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5 stars This is a stunning album of atmospheric nature. I found it to be something to connect with in an emotional and spiritual sense. It had enough melody, both in an instrumentally and vocal sense that it kept me listening. After a few listens it grew on me completely... I mean all the songs. Not just the ones with immediate appeal. Treasure, Murlough Bay, and Healing are my top three favorites. I saw a video for "Treasure" years ago and bought the cassette. I recently rediscovered it (much to my delight!) and am glad to see that Iona has still been releasing albums. I am anxious to hear what other works there are. And I highly recommend this album.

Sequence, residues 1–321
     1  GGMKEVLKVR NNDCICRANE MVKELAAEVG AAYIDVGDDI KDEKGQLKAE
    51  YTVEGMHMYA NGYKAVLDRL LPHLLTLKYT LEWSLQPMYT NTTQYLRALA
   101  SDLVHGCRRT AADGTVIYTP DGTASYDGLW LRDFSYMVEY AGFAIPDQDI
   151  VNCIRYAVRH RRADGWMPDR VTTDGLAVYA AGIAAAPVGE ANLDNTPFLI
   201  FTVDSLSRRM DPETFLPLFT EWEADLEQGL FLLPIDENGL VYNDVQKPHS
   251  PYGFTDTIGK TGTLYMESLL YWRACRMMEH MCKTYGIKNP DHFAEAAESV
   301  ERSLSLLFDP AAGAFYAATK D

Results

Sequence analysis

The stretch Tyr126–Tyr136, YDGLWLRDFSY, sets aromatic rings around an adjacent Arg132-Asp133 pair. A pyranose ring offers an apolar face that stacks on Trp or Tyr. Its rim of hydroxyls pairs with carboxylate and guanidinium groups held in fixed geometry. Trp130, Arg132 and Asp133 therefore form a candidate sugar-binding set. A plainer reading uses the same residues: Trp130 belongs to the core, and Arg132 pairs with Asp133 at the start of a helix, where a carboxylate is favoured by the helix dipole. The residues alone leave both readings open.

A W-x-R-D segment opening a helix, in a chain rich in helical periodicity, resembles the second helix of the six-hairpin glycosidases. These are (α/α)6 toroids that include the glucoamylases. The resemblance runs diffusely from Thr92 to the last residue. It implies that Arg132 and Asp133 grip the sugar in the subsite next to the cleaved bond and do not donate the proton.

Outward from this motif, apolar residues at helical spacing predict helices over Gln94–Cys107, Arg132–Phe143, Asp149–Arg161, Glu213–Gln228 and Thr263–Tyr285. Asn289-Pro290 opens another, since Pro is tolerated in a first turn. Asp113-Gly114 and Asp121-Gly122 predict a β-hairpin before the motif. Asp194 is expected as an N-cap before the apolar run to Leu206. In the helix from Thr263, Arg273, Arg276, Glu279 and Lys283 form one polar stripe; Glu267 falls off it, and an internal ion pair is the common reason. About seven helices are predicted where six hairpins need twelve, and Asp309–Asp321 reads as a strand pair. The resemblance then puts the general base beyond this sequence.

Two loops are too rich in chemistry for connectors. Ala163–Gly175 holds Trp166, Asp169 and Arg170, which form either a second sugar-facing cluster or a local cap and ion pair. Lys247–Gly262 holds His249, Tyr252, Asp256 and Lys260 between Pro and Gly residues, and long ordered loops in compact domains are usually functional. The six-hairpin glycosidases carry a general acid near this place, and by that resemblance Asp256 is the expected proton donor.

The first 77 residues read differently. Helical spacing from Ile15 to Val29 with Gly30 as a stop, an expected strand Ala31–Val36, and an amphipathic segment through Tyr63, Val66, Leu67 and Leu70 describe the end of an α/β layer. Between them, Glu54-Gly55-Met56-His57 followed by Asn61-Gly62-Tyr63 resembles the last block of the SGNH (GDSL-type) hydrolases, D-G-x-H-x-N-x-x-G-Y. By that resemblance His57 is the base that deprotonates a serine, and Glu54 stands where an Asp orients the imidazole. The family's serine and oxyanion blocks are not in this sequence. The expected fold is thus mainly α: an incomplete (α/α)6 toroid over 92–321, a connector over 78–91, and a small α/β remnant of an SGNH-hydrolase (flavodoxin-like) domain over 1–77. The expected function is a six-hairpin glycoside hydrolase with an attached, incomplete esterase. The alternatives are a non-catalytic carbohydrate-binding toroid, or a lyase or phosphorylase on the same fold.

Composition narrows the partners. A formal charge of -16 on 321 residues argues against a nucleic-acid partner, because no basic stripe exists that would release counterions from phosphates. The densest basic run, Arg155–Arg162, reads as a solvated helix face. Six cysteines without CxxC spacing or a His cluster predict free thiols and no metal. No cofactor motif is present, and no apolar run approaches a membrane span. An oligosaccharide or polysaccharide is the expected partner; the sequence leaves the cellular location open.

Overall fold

Report this review (#16077)
Posted Tuesday, December 16, 2003 | Review Permalink
Mellotron Storm
4 stars Although it's not a concept album there is a theme that runs through this record that was taken from the book "Celtic Fire".That book details amongst other things "The story of St.Brendan and the voyage he reputedly made across the Atlantic Ocean in the 6th century with 14 monks in a coracle (a boat made of leather and wood)". This voyage is referred to throughout the album on five mainly instrumental tracks, while the other mostly vocal tracks are about more contemporary issues and experiences. As the band says "The amazing thing was that Joanne's song "Beyond These Shores" (which had been written three months previously and already been chosen as the next album's title) seemed to fit Brendan's story exactly."